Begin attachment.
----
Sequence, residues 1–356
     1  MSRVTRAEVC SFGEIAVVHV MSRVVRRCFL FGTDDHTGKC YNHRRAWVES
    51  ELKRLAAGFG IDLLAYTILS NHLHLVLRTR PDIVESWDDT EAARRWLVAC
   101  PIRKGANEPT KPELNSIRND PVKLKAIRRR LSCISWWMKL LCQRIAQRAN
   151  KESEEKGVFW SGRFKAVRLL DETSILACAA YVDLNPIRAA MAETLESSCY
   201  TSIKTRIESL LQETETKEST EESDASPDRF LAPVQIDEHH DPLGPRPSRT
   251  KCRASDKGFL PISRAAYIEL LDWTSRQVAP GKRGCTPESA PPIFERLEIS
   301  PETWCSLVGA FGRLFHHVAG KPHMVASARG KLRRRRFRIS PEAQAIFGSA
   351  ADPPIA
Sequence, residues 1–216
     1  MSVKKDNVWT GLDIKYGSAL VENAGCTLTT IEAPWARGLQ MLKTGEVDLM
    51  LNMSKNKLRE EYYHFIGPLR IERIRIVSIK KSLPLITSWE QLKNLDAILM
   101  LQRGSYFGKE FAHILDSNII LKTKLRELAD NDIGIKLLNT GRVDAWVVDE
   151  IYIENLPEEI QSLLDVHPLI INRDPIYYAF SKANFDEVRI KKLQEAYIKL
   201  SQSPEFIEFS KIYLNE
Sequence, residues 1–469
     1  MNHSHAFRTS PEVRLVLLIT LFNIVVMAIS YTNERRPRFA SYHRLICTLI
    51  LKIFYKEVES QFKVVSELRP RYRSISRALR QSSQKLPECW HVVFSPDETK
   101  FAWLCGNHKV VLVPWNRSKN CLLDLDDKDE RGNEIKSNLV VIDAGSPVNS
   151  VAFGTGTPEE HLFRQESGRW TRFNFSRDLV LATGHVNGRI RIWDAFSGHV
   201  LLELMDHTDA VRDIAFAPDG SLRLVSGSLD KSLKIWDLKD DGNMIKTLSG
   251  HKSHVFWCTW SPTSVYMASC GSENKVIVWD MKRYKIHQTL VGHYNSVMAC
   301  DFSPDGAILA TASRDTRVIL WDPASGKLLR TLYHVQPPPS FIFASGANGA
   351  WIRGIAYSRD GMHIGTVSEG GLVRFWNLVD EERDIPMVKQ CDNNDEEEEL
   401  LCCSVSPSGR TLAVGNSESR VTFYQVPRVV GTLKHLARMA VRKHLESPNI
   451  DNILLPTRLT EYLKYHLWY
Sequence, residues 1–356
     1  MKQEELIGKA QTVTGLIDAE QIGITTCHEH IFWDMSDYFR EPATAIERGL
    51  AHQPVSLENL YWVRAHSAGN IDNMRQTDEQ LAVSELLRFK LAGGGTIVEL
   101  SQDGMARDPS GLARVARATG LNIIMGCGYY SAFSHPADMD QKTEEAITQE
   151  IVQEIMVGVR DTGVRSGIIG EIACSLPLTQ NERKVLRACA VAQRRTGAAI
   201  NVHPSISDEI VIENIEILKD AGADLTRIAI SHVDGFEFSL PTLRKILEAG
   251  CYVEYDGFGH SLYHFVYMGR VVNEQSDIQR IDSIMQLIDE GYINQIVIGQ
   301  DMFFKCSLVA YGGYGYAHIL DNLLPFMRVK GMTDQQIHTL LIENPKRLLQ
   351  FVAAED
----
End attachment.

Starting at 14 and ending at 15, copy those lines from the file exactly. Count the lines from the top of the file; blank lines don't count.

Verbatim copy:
   151  IYIENLPEEI QSLLDVHPLI INRDPIYYAF SKANFDEVRI KKLQEAYIKL
   201  SQSPEFIEFS KIYLNE